Social justice has become a ‘new religion’, making politics feel ‘already in hell’: Atlantic Article


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Atlantic writer Helen Lewis observed in an article Thursday that many modern Americans have replaced the traditional religions of the past with political ideology.

“A quick question. If someone yells ‘repent’ at you in the street, are they more likely to be (a) a religious preacher or (b) a left-wing activist?” Lewis asked to start the play.

She recalled examples of outraged social justice advocates and said, “We might expect religious concepts – repentance, hell, heresy, apostasy – to have become less salient as a result” of a growing population. more secular, and warned “But it’s not.”

She explained: “For some activists, politics usurped the role that religion played as a source of meaning and purpose in our lives, and a way to find community.

People demonstrate outside the Netflix building in the Hollywood section of Los Angeles, Wednesday, Oct. 20, 2021. Critics and supporters of Dave Chappelle’s Netflix special and its anti-transgender commentary gathered outside the offices of the Netflix business on Wednesday.
(AP Photo/Damian Dovarganes)


The writer speculated that “non-religious people are younger and more liberal” than the population as a whole, while being “the group most likely to be involved in high-profile social justice outbursts, especially those found on college campuses.” As she summed it up, “They replaced one religion with another.”

Lewis noted many parallels between religions that unite people across society and social justice orthodoxy.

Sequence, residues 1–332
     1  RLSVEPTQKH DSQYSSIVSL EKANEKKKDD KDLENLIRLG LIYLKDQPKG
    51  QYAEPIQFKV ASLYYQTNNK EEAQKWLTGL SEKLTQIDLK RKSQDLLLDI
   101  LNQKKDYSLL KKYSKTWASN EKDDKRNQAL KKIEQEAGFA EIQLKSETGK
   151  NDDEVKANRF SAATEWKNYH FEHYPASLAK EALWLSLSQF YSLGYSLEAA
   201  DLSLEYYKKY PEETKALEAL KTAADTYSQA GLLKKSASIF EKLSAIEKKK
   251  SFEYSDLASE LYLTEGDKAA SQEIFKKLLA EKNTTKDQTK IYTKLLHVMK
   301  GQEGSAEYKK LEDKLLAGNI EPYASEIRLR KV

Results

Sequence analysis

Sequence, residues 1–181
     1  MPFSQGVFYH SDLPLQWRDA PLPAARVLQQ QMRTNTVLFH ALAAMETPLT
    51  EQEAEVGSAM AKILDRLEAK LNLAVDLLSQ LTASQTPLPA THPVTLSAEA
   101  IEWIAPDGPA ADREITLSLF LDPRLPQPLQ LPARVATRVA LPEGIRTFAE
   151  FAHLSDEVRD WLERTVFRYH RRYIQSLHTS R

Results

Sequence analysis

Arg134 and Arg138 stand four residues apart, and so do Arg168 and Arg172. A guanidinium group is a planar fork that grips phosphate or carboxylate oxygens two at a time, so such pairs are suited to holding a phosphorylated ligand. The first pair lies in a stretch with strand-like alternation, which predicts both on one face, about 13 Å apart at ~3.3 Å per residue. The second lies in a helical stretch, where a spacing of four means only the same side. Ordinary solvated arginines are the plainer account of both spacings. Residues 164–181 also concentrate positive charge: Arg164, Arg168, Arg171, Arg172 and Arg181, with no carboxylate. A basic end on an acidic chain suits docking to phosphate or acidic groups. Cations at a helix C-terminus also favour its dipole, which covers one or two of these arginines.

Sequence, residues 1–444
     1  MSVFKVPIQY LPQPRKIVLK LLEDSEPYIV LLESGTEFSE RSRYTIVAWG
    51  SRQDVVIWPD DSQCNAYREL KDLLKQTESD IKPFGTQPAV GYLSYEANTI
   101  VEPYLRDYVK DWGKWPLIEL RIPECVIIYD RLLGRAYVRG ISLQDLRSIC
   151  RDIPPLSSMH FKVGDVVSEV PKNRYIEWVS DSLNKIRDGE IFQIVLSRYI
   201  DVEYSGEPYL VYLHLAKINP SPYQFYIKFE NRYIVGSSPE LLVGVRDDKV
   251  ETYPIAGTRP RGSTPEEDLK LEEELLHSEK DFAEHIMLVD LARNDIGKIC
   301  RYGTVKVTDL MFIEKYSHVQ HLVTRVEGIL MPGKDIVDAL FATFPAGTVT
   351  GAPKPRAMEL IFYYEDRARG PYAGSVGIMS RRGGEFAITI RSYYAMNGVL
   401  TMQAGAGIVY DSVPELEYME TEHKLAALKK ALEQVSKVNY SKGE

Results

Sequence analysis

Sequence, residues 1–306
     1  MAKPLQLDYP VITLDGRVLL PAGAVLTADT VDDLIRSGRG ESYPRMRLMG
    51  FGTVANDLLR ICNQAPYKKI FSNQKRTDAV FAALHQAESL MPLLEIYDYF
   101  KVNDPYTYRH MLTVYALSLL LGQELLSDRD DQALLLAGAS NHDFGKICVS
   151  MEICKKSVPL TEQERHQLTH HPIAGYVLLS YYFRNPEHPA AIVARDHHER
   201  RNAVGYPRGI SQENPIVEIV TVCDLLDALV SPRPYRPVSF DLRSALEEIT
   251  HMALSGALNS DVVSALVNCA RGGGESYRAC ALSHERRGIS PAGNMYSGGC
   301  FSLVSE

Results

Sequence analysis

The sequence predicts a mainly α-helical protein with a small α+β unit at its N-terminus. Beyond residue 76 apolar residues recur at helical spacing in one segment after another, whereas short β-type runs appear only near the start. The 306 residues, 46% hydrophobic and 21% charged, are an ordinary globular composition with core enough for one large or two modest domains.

“Many common social justice phrases echo a catechism: announcing your pronouns or performing a land reconnaissance shows allegiance to a common belief, reassuring a group that everyone present shares the same values,” she said. observed. “But treating politics like a religion also makes it more emotionally unstable, more tribal (because differences of opinion become matters of right and wrong), and more prone to outbursts of moralizing and piety.”

Lewis observed that as American politics and norms have changed, the tribal lines along which people divide have also changed, noting: “In countries where racial and religious intermarriage has become commonplace, dating across political lines is the new taboo. Young British writer Tomiwa Owolade told me he often sees dating profiles that insist on ‘no conservatives.'”

Church attendance among <a class=young people has declined in much of the Western world. “/>

Church attendance among young people has declined in much of the Western world.


She raised Atlantic contributing linguist and writer John McWhorter, who spoke and wrote widely about how enlightenment went too far and became a new religion. Lewis explained: “He sees other parallels, suggesting that notions such as white privilege and male privilege are versions of original sin – a stain humans are born with, regardless of their individual circumstances. Problemhe argues, is the new way of saying heretic.”

Lewis cited a statement by Rabbi Laura Janner-Klausner explaining that traditional religious organizations ensure that communities stay together despite internal strife. “[A person] can be so boring and have different opinions, and you still have to go to their family’s funeral,” Rabbi Janner-Klausner explained. “You always have to bring them something when they have just given birth; you should always go to their mourning prayers.”

Lewis warned readers that as America trades in past religions for political tribalism, it risks heading down a dark path as a nation.

(Photo by Wathiq Khuzaie/Getty Images)

(Photo by Wathiq Khuzaie/Getty Images)
(2005 Getty Images)


“In real life, churches, mosques, synagogues, and temples bring together, in their congregations, a random assortment of people who live right next to them. But today’s social activism is often hyped through the Internet, where dissenting voices can easily be excluded,” she warned. “We have taken religion, with its innate possibility of sectarian conflict, and fed it into a polarization machine. No wonder politics today can feel like a wasteland of anguished diatribes – and like we’re already in hell.”


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